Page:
Residents of Vermont hit the slopes, the bike trails or the jogging paths more often than adults in any other state, according to a new survey of national exercise habits, while residents of Delaware are the least likely to sweat to the oldies.
The Gallup-Healthways Well-Being Index shows more than 60 percent of adults in four states — Vermont, Hawaii, Montana and Alaska — report exercising for at least 30 minutes on three or more of the past seven days. Adults in Colorado, Oregon, Idaho, New Mexico, Nebraska and North Dakota round out the top 10 most exercise-crazy states.
Just 46.5 percent of Delaware adults reported exercising three or more days in the last week. Fewer than 48 percent of residents in West Virginia, Alabama and New Jersey worked out frequently, the poll showed.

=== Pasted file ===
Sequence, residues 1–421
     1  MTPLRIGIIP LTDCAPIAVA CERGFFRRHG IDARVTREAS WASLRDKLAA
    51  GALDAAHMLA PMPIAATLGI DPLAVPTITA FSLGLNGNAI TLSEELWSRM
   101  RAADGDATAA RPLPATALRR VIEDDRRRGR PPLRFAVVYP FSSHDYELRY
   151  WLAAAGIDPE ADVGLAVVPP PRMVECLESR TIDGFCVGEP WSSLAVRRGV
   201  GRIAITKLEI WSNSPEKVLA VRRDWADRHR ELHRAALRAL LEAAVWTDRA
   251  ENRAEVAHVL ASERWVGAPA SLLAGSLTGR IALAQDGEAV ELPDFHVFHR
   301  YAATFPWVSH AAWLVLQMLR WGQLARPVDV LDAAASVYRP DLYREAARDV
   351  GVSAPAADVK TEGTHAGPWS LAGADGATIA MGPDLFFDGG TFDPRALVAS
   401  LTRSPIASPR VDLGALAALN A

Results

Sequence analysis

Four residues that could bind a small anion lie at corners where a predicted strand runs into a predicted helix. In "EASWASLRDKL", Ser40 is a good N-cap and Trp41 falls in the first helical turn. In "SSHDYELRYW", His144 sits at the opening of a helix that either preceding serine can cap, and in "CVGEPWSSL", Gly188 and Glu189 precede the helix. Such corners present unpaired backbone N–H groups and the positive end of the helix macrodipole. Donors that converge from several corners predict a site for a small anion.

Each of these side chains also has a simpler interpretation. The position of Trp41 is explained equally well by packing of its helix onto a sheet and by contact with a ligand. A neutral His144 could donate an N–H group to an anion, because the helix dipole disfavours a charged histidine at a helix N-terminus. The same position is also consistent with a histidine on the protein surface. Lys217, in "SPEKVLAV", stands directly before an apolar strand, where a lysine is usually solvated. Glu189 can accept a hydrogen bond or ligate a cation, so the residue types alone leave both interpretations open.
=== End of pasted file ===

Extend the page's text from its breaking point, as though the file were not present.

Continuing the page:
Nationally, the percentage of regular exercisers dropped slightly last year, which Gallup attributes to colder and wetter-than-normal weather. National Oceanic and Atmospheric Administration data show 2013 was the coldest and wettest year since 2009; 2012, on the other hand, had warmer and drier than usual weather.
Vermonters also get high marks for eating well. The Gallup-Healthways poll showed 67.8 percent of Green Mountineers ate five or more servings of vegetables on four or more days, ahead of every other state. More than six in ten residents of Montana, Washington, Oregon, New Mexico, Colorado and Wyoming ate their leafy greens and veggies regularly, too.
Fewer than 54 percent of residents of Oklahoma, Louisiana and Missouri said they ate their vegetables regularly, representing the bottom of the pack. Blue states tend to be more vegetable-friendly: In 2012, President Obama won six of the 10 states where vegetable consumption is highest (Montana, Wyoming, Arizona and Alaska voted red but ate green). Mitt Romney won seven of the 10 states with the lowest vegetable consumption (Delaware, Iowa and Ohio were the blue standouts).
It’s no wonder that five of the six states that rank highest for both frequent exercise and vegetable consumption — Montana, Colorado, New Mexico, Vermont and Oregon — are also ranked in the bottom one-third of state obesity rates.